With his flashing strokeplay and his exotic Eastern aura, Ranji was something of a cult figure even at a time when the legendary WG Grace was at his peak.

Like Hussain a century later, Ranji too swore allegiance to England and English cricket. He had contempt for the attempts by his fellow Indians to play cricket and had no part in encouraging the game back home.

His nephew KS Duleepsinhji maintained the family tradition when he recorded a century in his first Test against Australia, making 173 and 48 at Lord's in 1930.

Like Ranji, he faced objections from the powers-that-be in English cricket and was also unofficially banned from playing against the South Africans.

Another Indian-born England captain was Douglas Jardine, who led the team on the infamous 'Bodyline' tour to Australia.

In the party was Iftiqar Ali Khan, the Nawab of Pataudi (father of former India captain Mansur Ali Khan), who made it a hat-trick of princely tons on debut with 102 in the first Test at Sydney.

But after just one more Test he was dropped for the rest of the series apparently on the grounds that he objected to the intimidatory tactics employed by his captain.

Pataudi senior is the only man to have represented both England and India in Tests, also captaining the latter on their tour of England in 1946.

His son would lead India from 1962-70 and from 1974-75.

Many Englishmen were born in India during the days of the British Raj and this was the case with Jardine too.

Unlike Ranji, Jardine did much to encourage cricket in India. In fact, when it came time to choose a captain for India on their maiden tour to England in 1932 the names of both Duleep and Jardine were mentioned as candidates.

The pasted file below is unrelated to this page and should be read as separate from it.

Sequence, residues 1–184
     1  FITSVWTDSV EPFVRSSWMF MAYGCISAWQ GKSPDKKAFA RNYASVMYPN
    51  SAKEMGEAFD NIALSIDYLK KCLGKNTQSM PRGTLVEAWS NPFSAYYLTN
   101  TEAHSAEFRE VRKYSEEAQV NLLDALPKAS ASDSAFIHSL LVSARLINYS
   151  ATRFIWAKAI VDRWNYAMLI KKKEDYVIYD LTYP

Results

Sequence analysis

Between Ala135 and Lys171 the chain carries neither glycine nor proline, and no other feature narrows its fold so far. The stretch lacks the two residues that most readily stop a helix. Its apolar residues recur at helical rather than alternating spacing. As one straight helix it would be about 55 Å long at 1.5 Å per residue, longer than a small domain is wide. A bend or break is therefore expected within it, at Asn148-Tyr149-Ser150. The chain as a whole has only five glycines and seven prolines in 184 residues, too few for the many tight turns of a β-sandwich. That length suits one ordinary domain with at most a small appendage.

In more recent times, England were led by Colin Cowdrey, whose father was a tea planter in the hill town of Ootacamund in Tamil Nadu.

And opener John Jameson, who made his Test debut against the country of his birth in 1971, was the first English Test cricketer after Ranji, Duleep and Pataudi whose parents were both Indian.

In the first Test against India at Edgbaston in 1996 there were four Bombay-born players, three on the Indian side as well as spinner Min Patel making his debut for England.

Ironically, a world-record holder for over 100 years was also born in India but never even played first-class cricket.

In June 1899, Arthur Edward Jeune Collins (born in India in 1885) scored 628 not out in a junior house match for Clarke's House against North Town while a schoolboy at Clifton College in Bristol.

It remains the highest score recorded in an organised cricket match.

He returned to India and played some cricket while serving with the Army. But his military career meant he had no time for top-level cricket.

Collins was killed in Flanders in 1914 during the First World War.

By contrast, only four foreign-born players have represented India: Lall Singh (Kuala Lumpur, Malaysia); Ashok Gandotra (Rio de Janeiro, Brazil); Salim Durani (Kabul, Afghanistan) and Rabindra (Robin) Singh (Princes Town, Trinidad)